Still, it is exceedingly easy to think of "natural law" or the "will of God" in terms of absolute and immutable laws. In this respect, even though we might want to affirm that man has some degree of free choice as to whether or not he will abide by such laws, the moral universe would still be a realm of external determination which would, in the final analysis, depend on some nonhuman rationality, if it were assumed to be rational at all. The concept of "acquired freedom," as Mortimer Adler defines it (in his two-volume The Idea of Freedom), is such a view, and this permeates much of theological as well as secular ethics, particularly of a Platonic-Augustinian variety. In this view, one is accomplishing the "good life" when one conforms to the external dictates of a realm of Form, the natural law, the law of God, or whatever. Indeed, such an ethical perspective does not need man at all. He even seems to be in the way of the perfect harmony that the universe seeks. Here there is little place for creative moral choosing. In moral situations, one can only say "yea" or "nay" to the given "good" or "right." Moreover, to accept such a view is not only to give up any conception of man as an "individual," but to sacrifice any profound and dynamic or creative concept of human community. In this conception, in effect, ethics gives way to ontology, freedom to order, and man to the universe as a whole.

It would seem, then, that we are left with no basis for making our moral judgments and decisions that is in any way genuinely moral. After all, if man is nothing more than an externally determined "actor on a stage," the very most he can do is have the option of remembering or forgetting his "lines" (or perhaps refusing to say them). Surely this is not an acceptable definition of the moral life. In short, none of the traditional models for answering the original question is sufficient by itself.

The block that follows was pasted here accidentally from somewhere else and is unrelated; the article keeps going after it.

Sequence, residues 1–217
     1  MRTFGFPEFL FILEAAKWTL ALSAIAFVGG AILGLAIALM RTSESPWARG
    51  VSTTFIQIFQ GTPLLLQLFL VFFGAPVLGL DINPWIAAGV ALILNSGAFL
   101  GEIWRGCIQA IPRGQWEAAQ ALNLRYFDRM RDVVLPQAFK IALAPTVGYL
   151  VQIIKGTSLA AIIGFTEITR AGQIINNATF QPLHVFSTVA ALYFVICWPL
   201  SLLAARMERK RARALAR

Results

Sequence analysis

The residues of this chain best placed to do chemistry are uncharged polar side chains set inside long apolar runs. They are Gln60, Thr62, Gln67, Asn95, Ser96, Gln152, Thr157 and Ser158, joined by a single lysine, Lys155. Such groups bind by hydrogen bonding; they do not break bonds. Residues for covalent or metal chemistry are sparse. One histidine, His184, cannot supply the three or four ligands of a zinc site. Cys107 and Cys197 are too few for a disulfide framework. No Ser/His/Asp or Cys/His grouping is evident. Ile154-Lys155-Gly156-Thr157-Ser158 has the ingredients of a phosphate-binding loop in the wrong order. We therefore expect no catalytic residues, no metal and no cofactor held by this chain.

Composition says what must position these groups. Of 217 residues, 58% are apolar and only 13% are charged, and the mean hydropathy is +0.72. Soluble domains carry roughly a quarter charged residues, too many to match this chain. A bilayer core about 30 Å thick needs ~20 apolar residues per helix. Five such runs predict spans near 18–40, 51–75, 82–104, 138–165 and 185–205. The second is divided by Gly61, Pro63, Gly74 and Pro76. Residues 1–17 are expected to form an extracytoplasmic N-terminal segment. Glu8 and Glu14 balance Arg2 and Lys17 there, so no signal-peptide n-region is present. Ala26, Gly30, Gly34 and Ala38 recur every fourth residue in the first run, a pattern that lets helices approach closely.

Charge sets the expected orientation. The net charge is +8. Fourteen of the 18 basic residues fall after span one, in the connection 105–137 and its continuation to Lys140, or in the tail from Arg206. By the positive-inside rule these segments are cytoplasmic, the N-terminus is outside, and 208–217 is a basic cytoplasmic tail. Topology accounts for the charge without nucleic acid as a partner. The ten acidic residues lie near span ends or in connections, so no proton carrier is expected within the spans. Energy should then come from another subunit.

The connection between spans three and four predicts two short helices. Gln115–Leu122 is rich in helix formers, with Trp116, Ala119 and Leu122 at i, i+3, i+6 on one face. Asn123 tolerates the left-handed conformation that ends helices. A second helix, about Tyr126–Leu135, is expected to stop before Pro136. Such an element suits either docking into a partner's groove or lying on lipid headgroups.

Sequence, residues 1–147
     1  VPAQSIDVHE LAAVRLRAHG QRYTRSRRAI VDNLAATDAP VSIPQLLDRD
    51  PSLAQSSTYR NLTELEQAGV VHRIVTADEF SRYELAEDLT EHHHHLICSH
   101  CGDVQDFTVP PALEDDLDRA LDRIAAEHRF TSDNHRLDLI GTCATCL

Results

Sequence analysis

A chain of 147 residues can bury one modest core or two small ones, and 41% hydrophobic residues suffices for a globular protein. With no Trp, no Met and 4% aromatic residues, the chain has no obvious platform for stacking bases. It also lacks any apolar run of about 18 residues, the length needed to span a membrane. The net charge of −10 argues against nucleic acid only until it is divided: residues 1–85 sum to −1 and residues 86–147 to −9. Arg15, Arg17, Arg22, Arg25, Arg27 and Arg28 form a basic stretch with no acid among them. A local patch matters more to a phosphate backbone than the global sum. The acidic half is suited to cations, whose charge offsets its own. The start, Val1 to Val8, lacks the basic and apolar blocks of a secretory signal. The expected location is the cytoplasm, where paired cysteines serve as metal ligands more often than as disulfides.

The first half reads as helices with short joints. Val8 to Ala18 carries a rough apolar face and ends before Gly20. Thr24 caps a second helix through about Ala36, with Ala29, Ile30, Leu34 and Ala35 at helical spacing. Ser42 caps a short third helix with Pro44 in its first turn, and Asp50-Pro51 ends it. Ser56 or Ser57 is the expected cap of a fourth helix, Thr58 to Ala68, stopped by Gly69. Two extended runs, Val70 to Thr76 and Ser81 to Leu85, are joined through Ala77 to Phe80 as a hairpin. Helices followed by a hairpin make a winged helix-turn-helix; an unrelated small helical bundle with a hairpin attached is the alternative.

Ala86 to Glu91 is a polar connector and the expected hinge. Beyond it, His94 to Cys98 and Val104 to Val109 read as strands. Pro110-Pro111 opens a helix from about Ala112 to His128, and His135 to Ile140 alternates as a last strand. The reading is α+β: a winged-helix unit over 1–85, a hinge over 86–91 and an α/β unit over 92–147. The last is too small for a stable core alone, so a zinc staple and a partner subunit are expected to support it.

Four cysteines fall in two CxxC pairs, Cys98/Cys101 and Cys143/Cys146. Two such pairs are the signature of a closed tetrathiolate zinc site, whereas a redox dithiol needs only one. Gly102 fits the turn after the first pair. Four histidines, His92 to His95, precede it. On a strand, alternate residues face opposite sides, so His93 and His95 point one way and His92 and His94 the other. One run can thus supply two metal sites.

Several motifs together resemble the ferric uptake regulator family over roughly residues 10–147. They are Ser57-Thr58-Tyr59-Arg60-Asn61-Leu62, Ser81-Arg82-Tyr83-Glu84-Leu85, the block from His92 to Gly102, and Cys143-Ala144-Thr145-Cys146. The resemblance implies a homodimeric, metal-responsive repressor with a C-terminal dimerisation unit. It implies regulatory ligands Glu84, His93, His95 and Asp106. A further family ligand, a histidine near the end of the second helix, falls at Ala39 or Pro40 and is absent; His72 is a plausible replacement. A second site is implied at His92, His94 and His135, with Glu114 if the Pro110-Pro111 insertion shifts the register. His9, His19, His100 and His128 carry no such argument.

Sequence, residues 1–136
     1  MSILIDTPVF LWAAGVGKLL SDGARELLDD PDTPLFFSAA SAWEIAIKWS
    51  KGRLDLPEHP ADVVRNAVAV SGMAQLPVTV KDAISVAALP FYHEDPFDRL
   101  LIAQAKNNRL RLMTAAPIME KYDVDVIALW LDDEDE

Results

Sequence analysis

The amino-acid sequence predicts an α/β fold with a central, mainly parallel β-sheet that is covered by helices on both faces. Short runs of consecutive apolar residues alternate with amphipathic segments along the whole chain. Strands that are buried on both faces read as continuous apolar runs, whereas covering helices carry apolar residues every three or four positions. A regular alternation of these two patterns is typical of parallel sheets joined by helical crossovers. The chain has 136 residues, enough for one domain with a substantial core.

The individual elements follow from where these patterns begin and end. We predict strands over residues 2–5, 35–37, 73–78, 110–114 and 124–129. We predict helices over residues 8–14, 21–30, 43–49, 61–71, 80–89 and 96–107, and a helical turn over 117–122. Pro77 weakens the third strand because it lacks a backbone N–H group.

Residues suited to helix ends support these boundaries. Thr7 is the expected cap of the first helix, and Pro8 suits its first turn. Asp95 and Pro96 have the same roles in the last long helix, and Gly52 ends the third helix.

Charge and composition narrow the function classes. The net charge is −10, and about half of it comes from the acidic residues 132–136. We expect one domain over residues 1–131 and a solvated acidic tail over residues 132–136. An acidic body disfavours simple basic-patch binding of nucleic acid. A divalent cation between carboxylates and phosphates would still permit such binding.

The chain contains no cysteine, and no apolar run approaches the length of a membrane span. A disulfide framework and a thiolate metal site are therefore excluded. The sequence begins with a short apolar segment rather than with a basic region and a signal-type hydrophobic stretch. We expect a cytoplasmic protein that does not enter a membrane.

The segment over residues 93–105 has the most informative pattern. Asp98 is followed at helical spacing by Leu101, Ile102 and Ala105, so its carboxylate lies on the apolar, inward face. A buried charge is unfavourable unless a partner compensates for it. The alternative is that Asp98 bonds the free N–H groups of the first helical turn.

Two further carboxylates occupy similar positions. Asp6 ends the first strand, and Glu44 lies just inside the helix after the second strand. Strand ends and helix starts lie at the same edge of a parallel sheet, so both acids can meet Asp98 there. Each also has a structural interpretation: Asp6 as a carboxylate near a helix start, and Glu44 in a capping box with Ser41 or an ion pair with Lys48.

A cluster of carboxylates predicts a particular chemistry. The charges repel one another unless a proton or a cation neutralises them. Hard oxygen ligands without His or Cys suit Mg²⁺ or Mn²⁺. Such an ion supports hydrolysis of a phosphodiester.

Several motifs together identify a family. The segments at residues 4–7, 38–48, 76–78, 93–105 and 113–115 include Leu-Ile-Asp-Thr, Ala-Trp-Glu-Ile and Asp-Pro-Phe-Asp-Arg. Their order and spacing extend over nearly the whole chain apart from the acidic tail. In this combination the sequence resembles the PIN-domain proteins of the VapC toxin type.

The Moral Agent

Well, what then? How are we to understand the foundations of morality? We cannot fully explore the answer to this question here, but perhaps it will be possible to offer at least an outline of a perspective that, though it requires much elaboration, can point us in a more fruitful direction.

First, moral decision-making is normative decision-making. A moral agent may not abdicate his or her responsibility for giving a normative explanation that can serve as a justification for his or her moral choices. In this context, "norms" are not to be thought of in the narrow sense as "rules" only; they should be viewed in a broader sense as any rationally chosen factors determinative of moral action. Without defining what type of material content such norms should have, I want to say only that the formal requirement for moral decisions is that they be rationally and self-consciously, not naturally and "blindly," determined. Otherwise, actions are neither "moral" nor "immoral," but "natural."

Second, however, moral agents are not atomically isolated individuals with no roots in their surroundings; they are integrally and "organically" related to the world around them. The moral life is life-in-relationships. Thus the moral agent is inextricably bound up in what we have called the external determinations of his or her natural and historical surroundings. This is the human condition, and moral agents cannot escape it. In fact, it is precisely in relation to these surroundings that they find the resources for shaping moral value in ways that are genuinely human. Moral judging and decision-making can only occur, in other words, by means of the given "raw material" of already established moral orders. Thus, for the most part, normative justifications will take place with reference to these already available moral orders.